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View Thread :: Identification queries :: Diptera (adults)
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Alliopsis silvestris ? (was Anthomyiidae?)
#1 Print Post
Posted on 12-11-2017 15:59

Posts: 3067
Joined: 27.11.08

Is it possible to tell which genus and spieces this male are.
Photo from 19 June 2017 Icktjärn 62 N, E 17 Ångermanland, Sweden.

Thanks for your help in advance

Kurt Holmqvist
kurt attached the following image:

Edited by kurt on 14-11-2017 17:15
Stephane Lebrun
#2 Print Post
Posted on 12-11-2017 16:22
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Location: Le Havre, France
Posts: 8227
Joined: 03.03.07

Alliopsis silvestris ?
John Carr
#3 Print Post
Posted on 12-11-2017 17:24
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Location: Massachusetts, USA
Posts: 6204
Joined: 22.10.10

Stephane Lebrun wrote:
Alliopsis silvestris ?

Probably. This one is male (plain fore tarsi).
#4 Print Post
Posted on 14-11-2017 17:15

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Joined: 27.11.08

Thanks for your help Stephane and John
Kurt Holmqvist
#5 Print Post
Posted on 14-11-2017 23:25
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Location: Netherlands
Posts: 2860
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On this photo we can see a relative long pv on the hindtibia.
There are 5 species with a pv seta above middle of the hindtibia.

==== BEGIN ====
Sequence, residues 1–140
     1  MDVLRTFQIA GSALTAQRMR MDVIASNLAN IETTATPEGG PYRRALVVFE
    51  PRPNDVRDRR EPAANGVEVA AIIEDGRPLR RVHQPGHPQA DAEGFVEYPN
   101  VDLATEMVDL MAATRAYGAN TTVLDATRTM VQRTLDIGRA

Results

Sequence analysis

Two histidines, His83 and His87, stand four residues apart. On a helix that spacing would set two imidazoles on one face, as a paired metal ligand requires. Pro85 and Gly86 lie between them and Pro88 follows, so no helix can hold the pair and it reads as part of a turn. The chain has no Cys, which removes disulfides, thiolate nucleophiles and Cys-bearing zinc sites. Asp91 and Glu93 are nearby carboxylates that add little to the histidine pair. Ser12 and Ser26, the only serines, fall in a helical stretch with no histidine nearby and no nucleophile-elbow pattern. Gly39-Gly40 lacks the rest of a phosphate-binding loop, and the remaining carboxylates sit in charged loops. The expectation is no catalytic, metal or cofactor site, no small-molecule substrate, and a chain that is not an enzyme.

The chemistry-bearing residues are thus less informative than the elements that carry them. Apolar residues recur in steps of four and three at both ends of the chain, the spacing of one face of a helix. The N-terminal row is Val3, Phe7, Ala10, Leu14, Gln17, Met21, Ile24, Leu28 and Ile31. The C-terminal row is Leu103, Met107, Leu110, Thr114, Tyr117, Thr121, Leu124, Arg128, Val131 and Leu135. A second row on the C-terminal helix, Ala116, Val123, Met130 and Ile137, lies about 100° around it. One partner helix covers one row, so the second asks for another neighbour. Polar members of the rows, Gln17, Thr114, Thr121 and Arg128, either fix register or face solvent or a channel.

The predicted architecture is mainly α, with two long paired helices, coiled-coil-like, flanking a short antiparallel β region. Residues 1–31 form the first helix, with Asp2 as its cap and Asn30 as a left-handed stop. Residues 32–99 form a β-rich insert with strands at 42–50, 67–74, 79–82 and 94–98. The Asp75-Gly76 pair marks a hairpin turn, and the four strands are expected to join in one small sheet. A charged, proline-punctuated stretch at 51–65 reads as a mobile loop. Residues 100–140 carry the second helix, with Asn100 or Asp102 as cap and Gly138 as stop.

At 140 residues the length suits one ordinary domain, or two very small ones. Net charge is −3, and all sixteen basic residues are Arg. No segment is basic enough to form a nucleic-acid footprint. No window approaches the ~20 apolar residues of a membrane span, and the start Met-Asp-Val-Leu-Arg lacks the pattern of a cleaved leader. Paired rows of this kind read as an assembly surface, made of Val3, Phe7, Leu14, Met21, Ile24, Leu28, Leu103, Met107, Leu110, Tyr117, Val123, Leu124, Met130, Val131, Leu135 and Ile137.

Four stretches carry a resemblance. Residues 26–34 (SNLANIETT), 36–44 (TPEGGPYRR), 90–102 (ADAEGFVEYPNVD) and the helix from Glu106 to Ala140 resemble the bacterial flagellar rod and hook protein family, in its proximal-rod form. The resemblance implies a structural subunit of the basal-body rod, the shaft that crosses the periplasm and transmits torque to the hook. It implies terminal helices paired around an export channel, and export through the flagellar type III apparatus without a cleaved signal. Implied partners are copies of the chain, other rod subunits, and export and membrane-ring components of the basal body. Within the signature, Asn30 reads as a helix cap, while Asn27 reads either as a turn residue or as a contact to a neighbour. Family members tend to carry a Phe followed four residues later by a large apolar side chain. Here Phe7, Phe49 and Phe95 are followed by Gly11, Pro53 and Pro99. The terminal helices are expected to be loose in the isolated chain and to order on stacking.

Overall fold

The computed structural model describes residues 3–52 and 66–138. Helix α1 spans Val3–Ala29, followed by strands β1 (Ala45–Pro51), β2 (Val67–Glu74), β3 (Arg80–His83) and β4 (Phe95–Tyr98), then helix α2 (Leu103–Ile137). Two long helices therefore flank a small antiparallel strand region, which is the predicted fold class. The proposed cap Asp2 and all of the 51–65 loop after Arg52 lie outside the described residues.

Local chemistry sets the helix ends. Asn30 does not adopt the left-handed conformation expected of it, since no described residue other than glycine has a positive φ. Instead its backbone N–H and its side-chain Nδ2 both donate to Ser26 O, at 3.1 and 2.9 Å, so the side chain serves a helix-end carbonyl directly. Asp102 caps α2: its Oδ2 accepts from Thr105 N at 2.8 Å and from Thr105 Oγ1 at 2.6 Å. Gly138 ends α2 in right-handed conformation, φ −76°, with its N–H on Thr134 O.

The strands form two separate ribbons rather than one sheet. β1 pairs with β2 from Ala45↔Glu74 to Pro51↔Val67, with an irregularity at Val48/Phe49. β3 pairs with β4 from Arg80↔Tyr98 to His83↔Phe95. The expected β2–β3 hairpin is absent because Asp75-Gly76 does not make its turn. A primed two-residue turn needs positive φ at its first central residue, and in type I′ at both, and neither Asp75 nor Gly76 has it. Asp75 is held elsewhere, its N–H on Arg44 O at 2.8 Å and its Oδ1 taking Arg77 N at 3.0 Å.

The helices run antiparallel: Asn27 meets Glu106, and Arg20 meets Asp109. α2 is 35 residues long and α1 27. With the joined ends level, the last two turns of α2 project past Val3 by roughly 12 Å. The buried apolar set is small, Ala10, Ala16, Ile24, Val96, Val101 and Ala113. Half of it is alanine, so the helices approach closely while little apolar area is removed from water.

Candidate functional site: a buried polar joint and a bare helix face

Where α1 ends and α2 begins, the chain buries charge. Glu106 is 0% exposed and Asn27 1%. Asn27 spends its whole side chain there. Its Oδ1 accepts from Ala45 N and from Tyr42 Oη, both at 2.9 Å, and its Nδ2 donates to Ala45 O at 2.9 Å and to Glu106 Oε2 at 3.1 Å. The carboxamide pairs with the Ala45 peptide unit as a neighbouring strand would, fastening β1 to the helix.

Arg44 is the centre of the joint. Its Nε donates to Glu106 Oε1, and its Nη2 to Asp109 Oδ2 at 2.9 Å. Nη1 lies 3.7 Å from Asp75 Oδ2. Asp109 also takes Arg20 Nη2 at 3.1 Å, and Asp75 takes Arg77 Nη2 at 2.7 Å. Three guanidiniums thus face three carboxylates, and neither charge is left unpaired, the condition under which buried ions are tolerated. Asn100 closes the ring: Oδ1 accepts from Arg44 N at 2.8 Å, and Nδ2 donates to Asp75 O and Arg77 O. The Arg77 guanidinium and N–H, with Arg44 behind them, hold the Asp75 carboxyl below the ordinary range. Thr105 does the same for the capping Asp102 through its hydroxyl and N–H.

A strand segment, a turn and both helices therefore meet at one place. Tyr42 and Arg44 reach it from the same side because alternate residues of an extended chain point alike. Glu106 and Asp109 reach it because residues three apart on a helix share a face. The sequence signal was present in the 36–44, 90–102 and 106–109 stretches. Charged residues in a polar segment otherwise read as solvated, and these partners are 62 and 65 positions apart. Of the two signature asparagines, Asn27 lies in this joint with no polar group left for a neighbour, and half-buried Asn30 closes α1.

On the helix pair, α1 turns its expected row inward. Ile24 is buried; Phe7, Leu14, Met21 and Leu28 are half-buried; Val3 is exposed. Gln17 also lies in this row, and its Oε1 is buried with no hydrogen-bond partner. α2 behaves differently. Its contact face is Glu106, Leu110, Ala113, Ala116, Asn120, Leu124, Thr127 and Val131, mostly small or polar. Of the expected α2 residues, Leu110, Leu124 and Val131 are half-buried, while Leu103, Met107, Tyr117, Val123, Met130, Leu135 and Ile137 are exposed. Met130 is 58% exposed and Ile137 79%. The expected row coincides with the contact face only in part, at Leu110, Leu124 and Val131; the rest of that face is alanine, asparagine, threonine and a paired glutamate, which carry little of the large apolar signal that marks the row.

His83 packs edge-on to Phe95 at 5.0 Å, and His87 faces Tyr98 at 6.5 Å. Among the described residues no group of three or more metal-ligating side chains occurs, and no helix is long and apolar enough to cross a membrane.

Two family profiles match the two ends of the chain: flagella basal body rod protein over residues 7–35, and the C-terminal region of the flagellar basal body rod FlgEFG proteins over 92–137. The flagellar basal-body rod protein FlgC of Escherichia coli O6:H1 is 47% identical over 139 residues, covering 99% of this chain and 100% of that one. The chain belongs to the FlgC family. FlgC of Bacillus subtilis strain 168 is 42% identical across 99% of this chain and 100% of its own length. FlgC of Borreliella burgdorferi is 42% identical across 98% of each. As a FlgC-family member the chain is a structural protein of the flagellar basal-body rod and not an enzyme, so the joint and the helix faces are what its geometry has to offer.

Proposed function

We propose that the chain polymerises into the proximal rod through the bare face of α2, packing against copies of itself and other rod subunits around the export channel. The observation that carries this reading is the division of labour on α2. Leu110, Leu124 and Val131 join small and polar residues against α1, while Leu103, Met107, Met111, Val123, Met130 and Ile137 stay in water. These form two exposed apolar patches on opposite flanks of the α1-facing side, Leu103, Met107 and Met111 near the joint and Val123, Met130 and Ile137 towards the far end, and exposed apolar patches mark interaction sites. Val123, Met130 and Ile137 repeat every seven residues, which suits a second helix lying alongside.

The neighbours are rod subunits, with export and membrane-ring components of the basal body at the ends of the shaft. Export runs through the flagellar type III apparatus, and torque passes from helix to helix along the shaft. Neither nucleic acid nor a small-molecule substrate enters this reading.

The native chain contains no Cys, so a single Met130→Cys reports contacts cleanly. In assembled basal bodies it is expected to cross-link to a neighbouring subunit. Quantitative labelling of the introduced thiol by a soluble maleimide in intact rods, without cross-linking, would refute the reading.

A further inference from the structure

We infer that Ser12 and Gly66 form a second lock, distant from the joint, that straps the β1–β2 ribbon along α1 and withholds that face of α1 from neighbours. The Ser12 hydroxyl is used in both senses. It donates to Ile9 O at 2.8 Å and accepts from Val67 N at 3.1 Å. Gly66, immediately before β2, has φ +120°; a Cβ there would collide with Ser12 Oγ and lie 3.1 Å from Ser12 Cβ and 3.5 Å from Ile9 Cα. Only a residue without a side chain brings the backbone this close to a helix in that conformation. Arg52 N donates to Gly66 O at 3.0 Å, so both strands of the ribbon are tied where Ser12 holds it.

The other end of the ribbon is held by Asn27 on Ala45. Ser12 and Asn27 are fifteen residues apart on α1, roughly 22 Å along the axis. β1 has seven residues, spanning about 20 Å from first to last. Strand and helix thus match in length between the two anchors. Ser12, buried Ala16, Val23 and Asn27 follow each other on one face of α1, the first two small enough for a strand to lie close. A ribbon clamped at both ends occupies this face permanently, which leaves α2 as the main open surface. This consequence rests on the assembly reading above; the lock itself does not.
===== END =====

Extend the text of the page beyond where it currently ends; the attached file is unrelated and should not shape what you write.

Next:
A. borealis, billbergi, denticauda, silvestris and teriolensis.
All species except A. borealis are present in Sweden.
Looking at the visible characteristics I agree with Alliopsis silvestris.

In your other thread, we can't see the pv on t3, but I think it also is A. silvestris female

#6 Print Post
Posted on 16-11-2017 19:20

Posts: 3067
Joined: 27.11.08

Thanks for your help Johanna
Kurt Holmqvist
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Date and time
21 June 2018 23:51


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20.06.18 12:13
THx Paul

18.06.18 20:27

18.06.18 14:56
Thx Paul, I could go for vitta on the abdomen narrows towards the end of the abdomen!

15.06.18 18:36
Would 'narrowing stripe on the back' fit?

11.06.18 13:38
Hello Can any1 help with the words Rückenstrieme dann schmäler werdender Rückenstrieme Thx, Elis

09.06.18 09:14
Smile Nice to meet you! Smile

06.06.18 08:05
I have trouble to send a message...

05.06.18 08:42
I have not seen any used. In Diptera it is relatively rare...

31.05.18 14:27
Hi guys! There is a word in english to refer to an insect when it doesn't have mouthparts? Like some fishs called agnatha.

29.05.18 10:34
Thank you for letting us know

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